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What is Non-Hodgkin lymphoma
Non–Hodgkin lymphoma (also known as non–Hodgkin’s lymphoma, NHL, or sometimes just lymphoma) is a cancer that starts in cells called lymphocytes, which are part of the body’s immune system. Lymphocytes are in the lymph nodes and other lymphoid tissues (such as the spleen and bone marrow).
Non-Hodgkin’s lymphoma is a type of cancer that originates in the lymphatic system. It is estimated to be the sixth most common cancer in the United States. The lymphatic system is part of the body’s immune system and helps fight infections and other diseases. In addition, the lymphatic system filters out bacteria, viruses, and other unwanted substances.
The lymphatic system consists of the following:
Lymph vessels: These vessels branch out throughout the body similar to blood vessels.
- Lymph: The lymph vessels carry a clear fluid called lymph. Lymph contains white blood cells including a type of white blood cell called lymphocytes (such as B cells and T cells).
- Lymph nodes: Lymph vessels are interconnected to small masses of lymph tissue called lymph nodes. Lymph nodes are found throughout the body. Collections of lymph nodes are found in the neck, underarms, chest, abdomen, and groin. Lymph nodes store white blood cells. When you are ill and the lymph nodes are active, they will swell and be easily palpable (a doctor can feel them during an examination).
- Additional parts of the lymphatic system: The tonsils, thymus, and spleen are additional components of the lymphatic system. Lymphatic tissue is also found in other parts of the body, including the stomach, skin, and small intestine.
Because lymphatic tissue is found in many parts of the body, non-Hodgkin’s lymphoma can start almost anywhere.
Non-Hodgkin lymphoma Causes
Doctors aren’t sure what causes non-Hodgkin’s lymphoma.
Non-Hodgkin’s lymphoma occurs when your body produces too many abnormal lymphocytes a type of white blood cell.
Normally, lymphocytes go through a predictable life cycle. Old lymphocytes die, and your body creates new ones to replace them. In non-Hodgkin’s lymphoma, your lymphocytes don’t die, but continue to grow and divide. This oversupply of lymphocytes crowds into your lymph nodes, causing them to swell.
Non-Hodgkin lymphoma Symptoms
Non-Hodgkin’s lymphoma symptoms may include:
- Painless, swollen lymph nodes in your neck, armpits or groin
- Abdominal pain or swelling
- Chest pain, coughing or trouble breathing
- Night sweats
- Weight loss
There are many different types of NHL. It’s important your doctors know which type you have so that they can give you the best treatment.
Lymphomas are often described as B-cell lymphomas or T-cell lymphomas according to whether they began in B-cell lymphocytes or T-cell lymphocytes.
Type of B-cell lymphomas
B-cell lymphomas are more common than T-cell lymphomas. About 9 out of 10 people diagnosed with NHL have a B-cell lymphoma.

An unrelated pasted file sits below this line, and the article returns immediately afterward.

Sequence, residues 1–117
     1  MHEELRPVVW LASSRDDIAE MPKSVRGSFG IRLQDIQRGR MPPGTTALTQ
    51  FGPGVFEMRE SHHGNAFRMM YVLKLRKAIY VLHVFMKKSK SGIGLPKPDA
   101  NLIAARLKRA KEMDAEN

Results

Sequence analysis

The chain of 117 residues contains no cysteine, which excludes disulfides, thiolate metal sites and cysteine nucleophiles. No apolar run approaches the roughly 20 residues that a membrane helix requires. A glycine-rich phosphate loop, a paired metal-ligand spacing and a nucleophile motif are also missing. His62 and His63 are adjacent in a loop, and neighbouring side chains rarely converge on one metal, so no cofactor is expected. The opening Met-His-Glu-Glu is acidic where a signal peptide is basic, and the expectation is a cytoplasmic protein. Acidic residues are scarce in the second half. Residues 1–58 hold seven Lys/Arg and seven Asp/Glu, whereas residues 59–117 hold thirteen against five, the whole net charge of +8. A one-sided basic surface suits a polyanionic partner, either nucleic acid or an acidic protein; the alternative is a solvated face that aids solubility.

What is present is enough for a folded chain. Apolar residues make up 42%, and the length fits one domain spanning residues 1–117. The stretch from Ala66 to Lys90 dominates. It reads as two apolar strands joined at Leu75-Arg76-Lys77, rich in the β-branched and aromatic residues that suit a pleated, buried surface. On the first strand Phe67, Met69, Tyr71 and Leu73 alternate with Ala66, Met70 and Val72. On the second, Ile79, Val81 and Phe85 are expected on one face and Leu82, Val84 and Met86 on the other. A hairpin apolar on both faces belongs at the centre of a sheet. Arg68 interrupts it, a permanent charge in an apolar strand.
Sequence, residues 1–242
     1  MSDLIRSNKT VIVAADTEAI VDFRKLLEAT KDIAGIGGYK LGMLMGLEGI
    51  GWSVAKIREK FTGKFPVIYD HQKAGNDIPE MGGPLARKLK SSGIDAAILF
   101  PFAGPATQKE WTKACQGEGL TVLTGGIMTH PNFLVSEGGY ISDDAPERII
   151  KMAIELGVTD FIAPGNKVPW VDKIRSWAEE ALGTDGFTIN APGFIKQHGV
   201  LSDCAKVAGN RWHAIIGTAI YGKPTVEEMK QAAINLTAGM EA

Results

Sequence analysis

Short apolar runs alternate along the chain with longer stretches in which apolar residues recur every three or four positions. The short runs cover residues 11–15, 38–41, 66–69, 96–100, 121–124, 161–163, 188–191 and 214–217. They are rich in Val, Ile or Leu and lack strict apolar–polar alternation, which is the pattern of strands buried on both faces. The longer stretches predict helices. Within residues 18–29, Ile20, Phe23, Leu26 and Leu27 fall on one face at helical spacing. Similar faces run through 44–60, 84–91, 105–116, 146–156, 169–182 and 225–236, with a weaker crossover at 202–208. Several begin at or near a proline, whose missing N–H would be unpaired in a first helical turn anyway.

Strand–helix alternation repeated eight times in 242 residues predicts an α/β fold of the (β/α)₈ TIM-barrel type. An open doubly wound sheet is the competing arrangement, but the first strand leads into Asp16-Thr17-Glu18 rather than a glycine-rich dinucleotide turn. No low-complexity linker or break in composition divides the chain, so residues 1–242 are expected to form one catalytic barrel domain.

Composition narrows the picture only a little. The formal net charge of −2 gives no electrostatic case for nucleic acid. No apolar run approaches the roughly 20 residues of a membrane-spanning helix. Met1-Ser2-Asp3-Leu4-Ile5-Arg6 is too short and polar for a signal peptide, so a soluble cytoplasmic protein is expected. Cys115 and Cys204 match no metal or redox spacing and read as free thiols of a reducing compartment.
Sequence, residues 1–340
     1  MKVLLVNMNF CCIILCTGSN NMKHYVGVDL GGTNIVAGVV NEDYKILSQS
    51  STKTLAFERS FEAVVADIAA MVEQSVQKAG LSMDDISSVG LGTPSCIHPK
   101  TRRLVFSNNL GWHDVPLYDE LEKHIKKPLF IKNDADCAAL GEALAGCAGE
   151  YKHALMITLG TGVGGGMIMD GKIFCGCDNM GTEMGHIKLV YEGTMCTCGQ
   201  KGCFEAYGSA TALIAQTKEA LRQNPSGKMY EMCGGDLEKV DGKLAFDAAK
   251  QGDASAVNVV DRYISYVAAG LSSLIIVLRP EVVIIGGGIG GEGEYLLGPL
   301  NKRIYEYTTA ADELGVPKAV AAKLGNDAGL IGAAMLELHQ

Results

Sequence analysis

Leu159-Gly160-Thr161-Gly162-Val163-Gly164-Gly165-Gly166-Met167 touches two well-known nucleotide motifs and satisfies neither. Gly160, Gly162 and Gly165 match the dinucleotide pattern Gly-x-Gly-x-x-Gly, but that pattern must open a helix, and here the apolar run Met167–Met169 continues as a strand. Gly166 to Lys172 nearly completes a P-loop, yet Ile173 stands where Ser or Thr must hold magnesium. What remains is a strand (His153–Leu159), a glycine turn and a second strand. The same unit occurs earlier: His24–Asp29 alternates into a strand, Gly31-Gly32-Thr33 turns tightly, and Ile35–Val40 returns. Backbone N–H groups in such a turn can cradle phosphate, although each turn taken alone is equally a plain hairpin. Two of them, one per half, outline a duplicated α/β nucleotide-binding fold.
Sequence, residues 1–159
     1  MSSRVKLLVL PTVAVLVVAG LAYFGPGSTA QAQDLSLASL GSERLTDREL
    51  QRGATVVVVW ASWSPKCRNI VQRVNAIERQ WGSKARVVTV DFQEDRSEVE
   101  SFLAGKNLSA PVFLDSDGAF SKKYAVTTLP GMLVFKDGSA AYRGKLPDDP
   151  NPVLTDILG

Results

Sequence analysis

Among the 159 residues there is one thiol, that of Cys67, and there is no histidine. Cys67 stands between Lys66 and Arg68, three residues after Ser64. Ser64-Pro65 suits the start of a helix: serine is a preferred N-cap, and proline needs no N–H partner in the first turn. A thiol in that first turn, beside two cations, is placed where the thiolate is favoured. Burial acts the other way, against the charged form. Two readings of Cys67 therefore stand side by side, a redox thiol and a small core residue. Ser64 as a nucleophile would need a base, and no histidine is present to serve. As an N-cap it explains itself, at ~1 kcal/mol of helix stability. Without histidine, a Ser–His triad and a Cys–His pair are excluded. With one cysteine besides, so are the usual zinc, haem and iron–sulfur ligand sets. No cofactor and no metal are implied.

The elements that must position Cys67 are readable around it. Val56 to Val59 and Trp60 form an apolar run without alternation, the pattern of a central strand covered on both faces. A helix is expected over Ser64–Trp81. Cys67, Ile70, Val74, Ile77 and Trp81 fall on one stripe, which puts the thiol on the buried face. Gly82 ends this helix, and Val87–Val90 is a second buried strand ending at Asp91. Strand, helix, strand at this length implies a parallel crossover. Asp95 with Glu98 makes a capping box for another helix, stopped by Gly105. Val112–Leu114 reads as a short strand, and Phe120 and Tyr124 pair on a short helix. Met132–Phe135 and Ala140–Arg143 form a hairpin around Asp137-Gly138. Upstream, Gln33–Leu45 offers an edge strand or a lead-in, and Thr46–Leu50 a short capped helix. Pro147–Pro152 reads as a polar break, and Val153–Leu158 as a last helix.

The most common types of B-cell lymphomas are:
- diffuse large B-cell lymphoma (DLBCL)
- follicular lymphoma (FL).
Other less common types include:
- Burkitt lymphoma
- MALT lymphoma (extranodal marginal zone B-cell)
- lymphoplasmacytic lymphoma (also called Waldenstrom’s macroglobulinaemia).
- mantle cell lymphoma
- mediastinal large B-cell lymphoma
- nodal marginal zone B-cell lymphoma
- small lymphocytic lymphoma
- thyroid lymphoma.
Types of T-cell lymphomas
T-cell lymphomas are much less common. There are a number of different types, including:
- peripheral T-cell lymphoma
- skin (cutaneous) lymphomas, including Mycosis fungoides and Sézary syndrome
- anaplastic large cell lymphoma
- T-cell lymphoblastic lymphoma.
Non-Hodgkin’s lymphoma Risk factors
In many cases, people who develop NHL have no risk factors, and doctors seldom know why one person develops non-Hodgkin’s lymphoma and another does not.
Certain risk factors increase the chance that a person will develop this disease although most people who have these risk factors will never develop the disease.
Medications that suppress the immune system: Using immunosuppressive agents (such as after an organ transplant) is a risk factor as it reduces the body’s ability to fight infection.
Weakened immune system: The risk of developing lymphoma may be increased by having a weakened immune system.
Certain infections: Certain viral and bacterial infections increase the risk of NHL. Examples are HIV, hepatitis C virus, and Epstein-Barr virus. A type of bacteria sometimes linked to NHL is the ulcer-causing H. pylori.
Note: Lymphoma is not contagious. It’s impossible to catch lymphoma from another person.
Age: Although non-Hodgkin’s lymphoma can occur in young people, the chance of developing this disease increases with age. Most people with non-Hodgkin’s lymphoma are older than 60 years of age.
Other possible links: People who work with herbicides or certain other chemicals may be at increased risk of this disease. Researchers are also looking at a possible link between using hair dyes before 1980 and non-Hodgkin’s lymphoma. None of these possible links have definitely been proven.
Note: Having one or more risk factors does not mean that a person will develop non-Hodgkin’s lymphoma. Most people who have risk factors never develop cancer.